IMO Urges GHG Reduction
International Maritime Organization (IMO) Secretary-General Kitack Lim has called for Member States and the entire maritime sector including shipping and ports, to come on board to achieve the ambitions set out in the historic IMO initial strategy for reducing greenhouse gas emissions from international shipping, adopted last year.
The UN body said that the strategy makes a firm commitment to a complete phase out of GHG emissions from ships, a specific linkage to the Paris Agreement and a series of clear levels of ambition, including at least a 50 per cent cut in emissions from the sector by 2050.
“We need to focus on technology transfer and research and development; we need expertise; we need IMO’s Member States to come together as one; we need the Member States to bring forward concrete proposals to IMO. We need to involve all maritime sectors – not just shipping. Investment in port infrastructure is just as important,” Secretary-General Lim said.
He was speaking at the High Level Conference on Climate Change and Oceans Preservation, in Brussels, Belgium (19 February). The strategy includes a series of candidate measures that might be applied to achieve these targets in the short, medium and long terms. The detailed work of agreeing which of these will actually be adopted to enable these ambitions to be achieved is now under way.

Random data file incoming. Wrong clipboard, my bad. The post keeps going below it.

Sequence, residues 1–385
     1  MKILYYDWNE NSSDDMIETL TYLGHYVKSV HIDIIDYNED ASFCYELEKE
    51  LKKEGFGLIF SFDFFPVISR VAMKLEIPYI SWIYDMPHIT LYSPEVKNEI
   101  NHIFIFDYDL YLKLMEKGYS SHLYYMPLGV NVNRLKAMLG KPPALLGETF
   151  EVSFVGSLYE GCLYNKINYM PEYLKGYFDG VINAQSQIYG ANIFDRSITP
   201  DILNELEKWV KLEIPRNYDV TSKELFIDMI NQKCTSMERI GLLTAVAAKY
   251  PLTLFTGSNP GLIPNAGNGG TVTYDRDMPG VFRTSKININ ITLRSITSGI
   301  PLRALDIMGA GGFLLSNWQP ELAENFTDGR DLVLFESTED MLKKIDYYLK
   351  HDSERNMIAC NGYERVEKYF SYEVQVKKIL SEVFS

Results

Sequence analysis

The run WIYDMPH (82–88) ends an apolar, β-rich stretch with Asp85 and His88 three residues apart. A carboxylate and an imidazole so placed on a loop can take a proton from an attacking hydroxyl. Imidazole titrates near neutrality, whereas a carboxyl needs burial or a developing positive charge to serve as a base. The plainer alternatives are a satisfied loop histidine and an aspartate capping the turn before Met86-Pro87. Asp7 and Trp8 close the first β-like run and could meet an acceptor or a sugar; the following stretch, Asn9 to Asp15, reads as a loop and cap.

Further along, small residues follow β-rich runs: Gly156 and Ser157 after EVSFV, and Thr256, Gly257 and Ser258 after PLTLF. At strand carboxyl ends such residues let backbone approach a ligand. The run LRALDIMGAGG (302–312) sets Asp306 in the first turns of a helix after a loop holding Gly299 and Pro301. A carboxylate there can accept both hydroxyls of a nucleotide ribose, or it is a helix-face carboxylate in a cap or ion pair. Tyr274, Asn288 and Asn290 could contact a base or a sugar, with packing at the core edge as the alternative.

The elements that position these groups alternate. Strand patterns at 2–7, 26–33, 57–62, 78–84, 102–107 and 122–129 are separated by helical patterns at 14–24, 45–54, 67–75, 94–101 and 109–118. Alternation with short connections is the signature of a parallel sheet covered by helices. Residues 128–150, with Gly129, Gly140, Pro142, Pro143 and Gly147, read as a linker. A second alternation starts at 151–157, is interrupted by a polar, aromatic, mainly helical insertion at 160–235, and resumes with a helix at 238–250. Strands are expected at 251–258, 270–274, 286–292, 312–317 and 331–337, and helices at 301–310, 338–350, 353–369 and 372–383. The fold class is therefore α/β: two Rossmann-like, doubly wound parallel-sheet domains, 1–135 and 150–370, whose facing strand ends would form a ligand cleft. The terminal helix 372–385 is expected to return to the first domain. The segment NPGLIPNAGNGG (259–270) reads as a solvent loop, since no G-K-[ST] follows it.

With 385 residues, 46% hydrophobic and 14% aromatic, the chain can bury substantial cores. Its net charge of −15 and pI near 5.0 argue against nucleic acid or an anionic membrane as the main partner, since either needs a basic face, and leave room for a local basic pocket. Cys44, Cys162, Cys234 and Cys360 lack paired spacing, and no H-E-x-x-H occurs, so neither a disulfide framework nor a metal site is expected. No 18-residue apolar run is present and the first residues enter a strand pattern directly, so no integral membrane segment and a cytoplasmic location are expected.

Lim said that the initial steps - the candidate short-term measures - are likely to include strengthening the Energy Efficiency Design Index (EEDI) and the Shipboard Energy Efficiency Management Plans (SEEMP) for ships, as well as gathering information under the fuel-oil data collection scheme.
In the mid-term (before 2030), he highlighted the need to make zero-carbon ships more attractive and to direct investments towards innovative sustainable technologies and alternative fuels.
In this context, the reduced sulphur limit for ships’ fuel oil, which enters into force on 1 January 2020, “should be seen as not only a landmark development for the environment and human health but also as a proxy "carbon price" – increasing the attractiveness of lower-carbon fuels or other means of propulsion for ships”.
The Conference was opened by Charles Michel, Prime Minister of Belgium, and Prince Albert II of Monaco.
On the sidelines of the Conference, Secretary-General Lim met Prince Albert II of Monaco. Monaco hosts the International Hydrographic Organization (IHO). IMO and IHO collaborate on a number of areas, particularly when it comes to the provision of hydrographic charts for ships.
Mr. Lim also met, separately, Mrs. Emma Navarro, Vice-President of the European Investment Bank, and Mrs. Magda Kopczynska, Director for Innovative and Sustainable Mobility in the Directorate-General for Mobility and Transport within the European Commission.